Also, the body monitor of this embodiment can be used not only for newborn infants but also for adults, elderly persons, or cared persons. For example, with heartbeat/respiration sensor 4 placed below the body of a subject at bedtime, the subject can be monitored for heart rate and respiration rate, and simple analysis can be made on the subject's sleeping state and sleeping pattern.

The heart rate and respiration rate of a subject can be acquired by appropriately monitoring the waveforms of the cardiac sound signal and respiration signal, as well as the heart rate and respiration rate displayed on monitor 14. Also, the sleeping state and sleeping pattern can be analyzed based on data which includes the cardiac sound signal (FIG. 11(b)) continuously recorded for the period during which the subject is asleep. The cardiac sound signal is produced by passing the signal (FIG. 11(a)) generated from heartbeat/respiration sensor 4 through band-pass filter 9. FIG. 12 shows sleep data which is provided by continuously recording the cardiac sound signal for the period during which the subject is asleep. In this sleep data, reference numeral 16 designates a large amplitude signal due to movements of the subject; reference numeral 17 designates the cardiac sound signal; and reference numeral 18 designates a mute state. Cardiac sound signal 17 includes information comprised of a plurality of different amplitudes.

Each of the foregoing signals indicates the following state, respectively. Large amplitude signal 16 represents movements and roll-over or contraction of muscles of the subject. Cardiac sound signal 17 having a constant amplitude, which lasts relatively long, represents a deep sleep at sleep stage 3 to 4. A period in which large amplitude signal 16 appears relatively many times in cardiac sound signal 17 represents a shallow sleep at sleep stage 1 to 2 or REM sleep. In this connection, variations in the amplitude of cardiac sound signal 17 represent changes in posture or movements of the body. Mute signal 18 indicates that the body of the subject has largely moved out of the detectable area of heartbeat/respiration sensor 4, in which case it is thought that the subject has fallen down from the bed, or has left the bed and is moving about. Accordingly, the state of sleep can be simply determined by reading these signals from the captured sleep data.

According to heartbeat/respiration sensor 4 and the body monitor using the same described above, it is possible to avoid a variety of obstacles which could be otherwise caused by electrodes of a electrocardiograph being attached to a newborn infant, and additionally save the effort of attaching the electrodes of the electrocardiograph, so that the newborn infant can be immediately monitored for required heartbeat, respiration and the like in a completely non-invasive manner without causing discomfort to the newborn infant. Actually, electrocardiography is not required except for seriously ill newborn infants, but it is often the case that the monitor of this embodiment suffices for monitoring. Further, since highly sensitive piezoelectric transducer 2 is used in heartbeat/respiration sensor 4, the embodiment can provide effects similar to those provided by auscultation of the newborn infant at all times, which is difficult to perform within an incubator. Actually, cardiac noise can also be confirmed on monitor 14.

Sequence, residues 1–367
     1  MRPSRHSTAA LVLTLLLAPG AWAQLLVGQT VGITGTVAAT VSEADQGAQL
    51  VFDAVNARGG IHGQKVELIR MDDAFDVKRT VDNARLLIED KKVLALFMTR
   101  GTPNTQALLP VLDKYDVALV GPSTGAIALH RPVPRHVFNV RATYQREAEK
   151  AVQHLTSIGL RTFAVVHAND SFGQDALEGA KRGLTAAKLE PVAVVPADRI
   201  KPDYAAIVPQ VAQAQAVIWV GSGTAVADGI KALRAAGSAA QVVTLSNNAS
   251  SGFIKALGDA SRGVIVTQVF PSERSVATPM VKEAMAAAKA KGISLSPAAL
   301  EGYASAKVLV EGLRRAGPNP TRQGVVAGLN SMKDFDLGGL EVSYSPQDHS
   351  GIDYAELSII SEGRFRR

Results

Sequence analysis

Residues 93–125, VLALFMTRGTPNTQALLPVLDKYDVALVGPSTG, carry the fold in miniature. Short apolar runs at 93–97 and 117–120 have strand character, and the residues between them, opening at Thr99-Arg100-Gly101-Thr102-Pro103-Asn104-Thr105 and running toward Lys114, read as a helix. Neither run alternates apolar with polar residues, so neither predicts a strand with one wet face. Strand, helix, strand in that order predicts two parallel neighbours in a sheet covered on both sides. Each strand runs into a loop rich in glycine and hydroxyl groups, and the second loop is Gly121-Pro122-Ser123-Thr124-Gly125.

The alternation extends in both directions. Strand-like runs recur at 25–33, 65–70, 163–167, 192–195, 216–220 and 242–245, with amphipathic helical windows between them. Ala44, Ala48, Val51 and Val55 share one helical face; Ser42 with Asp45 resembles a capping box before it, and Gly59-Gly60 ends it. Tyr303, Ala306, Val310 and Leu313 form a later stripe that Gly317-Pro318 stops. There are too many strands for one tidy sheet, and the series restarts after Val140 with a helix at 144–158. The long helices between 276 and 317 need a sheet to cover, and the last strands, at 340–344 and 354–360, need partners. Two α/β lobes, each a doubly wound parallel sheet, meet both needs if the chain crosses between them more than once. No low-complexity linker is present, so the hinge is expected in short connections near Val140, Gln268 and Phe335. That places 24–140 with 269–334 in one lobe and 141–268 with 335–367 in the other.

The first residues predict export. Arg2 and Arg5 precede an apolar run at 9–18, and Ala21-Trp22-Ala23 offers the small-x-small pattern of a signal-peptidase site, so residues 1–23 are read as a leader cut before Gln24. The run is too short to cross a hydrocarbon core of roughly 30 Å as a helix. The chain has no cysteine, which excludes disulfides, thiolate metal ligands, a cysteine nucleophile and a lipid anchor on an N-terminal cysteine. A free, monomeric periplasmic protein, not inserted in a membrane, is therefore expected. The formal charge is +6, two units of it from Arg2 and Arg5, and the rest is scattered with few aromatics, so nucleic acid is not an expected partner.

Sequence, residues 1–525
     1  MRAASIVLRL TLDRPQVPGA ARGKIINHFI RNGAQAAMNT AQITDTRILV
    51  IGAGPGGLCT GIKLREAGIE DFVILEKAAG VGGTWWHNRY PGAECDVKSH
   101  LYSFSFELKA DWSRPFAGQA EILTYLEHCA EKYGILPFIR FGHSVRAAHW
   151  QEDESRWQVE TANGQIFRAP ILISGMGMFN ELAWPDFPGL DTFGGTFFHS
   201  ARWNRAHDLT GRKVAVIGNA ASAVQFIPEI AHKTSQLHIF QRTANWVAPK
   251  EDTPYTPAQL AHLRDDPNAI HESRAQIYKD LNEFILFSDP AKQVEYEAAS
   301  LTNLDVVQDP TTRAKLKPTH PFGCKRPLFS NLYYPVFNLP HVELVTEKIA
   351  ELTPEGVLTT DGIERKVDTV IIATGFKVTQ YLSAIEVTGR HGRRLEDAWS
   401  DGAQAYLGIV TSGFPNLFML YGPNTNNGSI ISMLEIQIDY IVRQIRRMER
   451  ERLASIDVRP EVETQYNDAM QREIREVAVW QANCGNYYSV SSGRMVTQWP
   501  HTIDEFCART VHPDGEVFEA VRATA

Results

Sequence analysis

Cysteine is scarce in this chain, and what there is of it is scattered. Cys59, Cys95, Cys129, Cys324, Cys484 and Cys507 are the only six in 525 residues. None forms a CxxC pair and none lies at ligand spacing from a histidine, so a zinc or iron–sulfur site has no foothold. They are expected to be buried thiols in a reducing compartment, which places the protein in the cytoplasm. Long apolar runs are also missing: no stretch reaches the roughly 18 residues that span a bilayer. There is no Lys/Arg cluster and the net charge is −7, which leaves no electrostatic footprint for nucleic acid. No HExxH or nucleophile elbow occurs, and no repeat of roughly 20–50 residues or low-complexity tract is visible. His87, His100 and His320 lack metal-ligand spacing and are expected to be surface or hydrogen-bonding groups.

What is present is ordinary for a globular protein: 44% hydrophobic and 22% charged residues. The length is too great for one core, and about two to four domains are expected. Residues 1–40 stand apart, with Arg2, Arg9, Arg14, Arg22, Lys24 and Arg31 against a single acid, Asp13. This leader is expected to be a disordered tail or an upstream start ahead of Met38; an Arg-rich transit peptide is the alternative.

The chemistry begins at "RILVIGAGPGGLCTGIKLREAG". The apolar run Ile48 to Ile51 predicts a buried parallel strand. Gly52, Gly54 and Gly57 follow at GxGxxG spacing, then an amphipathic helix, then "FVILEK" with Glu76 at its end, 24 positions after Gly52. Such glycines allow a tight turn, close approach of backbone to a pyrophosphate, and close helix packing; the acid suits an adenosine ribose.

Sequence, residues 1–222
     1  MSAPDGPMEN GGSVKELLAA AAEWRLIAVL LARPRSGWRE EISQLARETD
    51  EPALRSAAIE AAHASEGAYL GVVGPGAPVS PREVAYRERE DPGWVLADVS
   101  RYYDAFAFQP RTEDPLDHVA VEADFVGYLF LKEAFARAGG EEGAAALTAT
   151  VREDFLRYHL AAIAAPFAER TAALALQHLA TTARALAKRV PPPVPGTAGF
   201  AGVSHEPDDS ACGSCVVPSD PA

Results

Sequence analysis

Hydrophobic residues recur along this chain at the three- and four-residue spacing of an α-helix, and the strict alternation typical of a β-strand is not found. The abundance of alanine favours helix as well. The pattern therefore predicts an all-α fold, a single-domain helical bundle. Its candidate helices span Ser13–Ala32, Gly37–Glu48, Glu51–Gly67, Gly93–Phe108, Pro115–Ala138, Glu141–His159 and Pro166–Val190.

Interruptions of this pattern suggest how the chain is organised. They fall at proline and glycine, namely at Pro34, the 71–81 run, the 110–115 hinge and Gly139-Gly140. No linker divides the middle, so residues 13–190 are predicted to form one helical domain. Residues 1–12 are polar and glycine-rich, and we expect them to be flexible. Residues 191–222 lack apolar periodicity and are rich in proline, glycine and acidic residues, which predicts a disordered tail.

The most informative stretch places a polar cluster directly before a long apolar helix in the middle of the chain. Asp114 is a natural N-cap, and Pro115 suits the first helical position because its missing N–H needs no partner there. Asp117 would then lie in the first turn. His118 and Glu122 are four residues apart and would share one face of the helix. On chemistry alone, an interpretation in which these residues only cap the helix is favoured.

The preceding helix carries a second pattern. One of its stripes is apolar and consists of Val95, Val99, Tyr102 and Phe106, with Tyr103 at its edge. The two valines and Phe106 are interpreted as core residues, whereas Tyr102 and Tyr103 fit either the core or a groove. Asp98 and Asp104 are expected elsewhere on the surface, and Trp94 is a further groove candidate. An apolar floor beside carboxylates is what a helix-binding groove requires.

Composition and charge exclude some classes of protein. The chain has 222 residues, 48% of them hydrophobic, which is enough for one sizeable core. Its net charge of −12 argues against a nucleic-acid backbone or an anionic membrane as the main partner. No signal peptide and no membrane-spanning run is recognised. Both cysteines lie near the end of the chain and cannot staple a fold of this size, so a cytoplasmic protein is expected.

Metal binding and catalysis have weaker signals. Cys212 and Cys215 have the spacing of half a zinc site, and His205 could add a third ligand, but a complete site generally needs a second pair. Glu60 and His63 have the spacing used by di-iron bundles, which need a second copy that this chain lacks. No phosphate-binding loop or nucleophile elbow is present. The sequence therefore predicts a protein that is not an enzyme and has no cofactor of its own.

Also, since heartbeat/respiration sensor 4 of this embodiment has a smooth surface and a low profile, it can be readily inserted below the body of a newborn infant even after the newborn infant has been placed in an incubator. Piezoelectric transducer 2 per se is highly sensitive and is capable of detecting vital signals, and thin vibration transmitting plate 1 further serves to extend a range in which vital signals can be detected by piezoelectric transducer 2. Thus, even if heartbeat/respiration sensor 4 is wrapped with towel 6 or the like, or even if a subject remains with his clothes on, or even if heartbeat/respiration sensor 4 is installed on a soft comforter, vital signals can be highly sensitively detected. Also, since heartbeat/respiration sensor 4 of the embodiment is in a simple configuration, basically made up of piezoelectric transducer 2 and vibration transmitting plate 1 to which piezoelectric sensor 2 is attached, the manufacturing cost thereof can be kept low. Accordingly, a wide variety of applications can be contemplated for heartbeat/respiration sensor 4 so that the marketability of heartbeat/respiration sensor 4 of the embodiment can be widely acquired.

Heartbeat/respiration sensor 4 of the embodiment and the body monitor using the same can be used not only for newborn infants but also for adults, elderly persons, and cared persons without modifying the configuration. Accordingly, the body monitor using heartbeat/respiration sensor 4 can be provided at a low cost and in a convenient manner, unlike complicated systems so far proposed, as a health care tool (for example, a device for monitoring a sleeping state and a sleeping pattern) available for home use, which is now increasingly more required. Further, the body monitor of the embodiment can be applied to health care for cared persons, and for confirmation that elderly persons are moving about, and the like. As further applications, heartbeat/respiration sensor 4 can be attached to a driver's seat in a variety of traveling means (car, train, aircraft and the like) to monitor the driver for a health condition, or heartbeat/respiration sensor 4 can be attached to the back of a patient chair in the examination room of a hospital to examine the patient without requiring the patient to take off closes.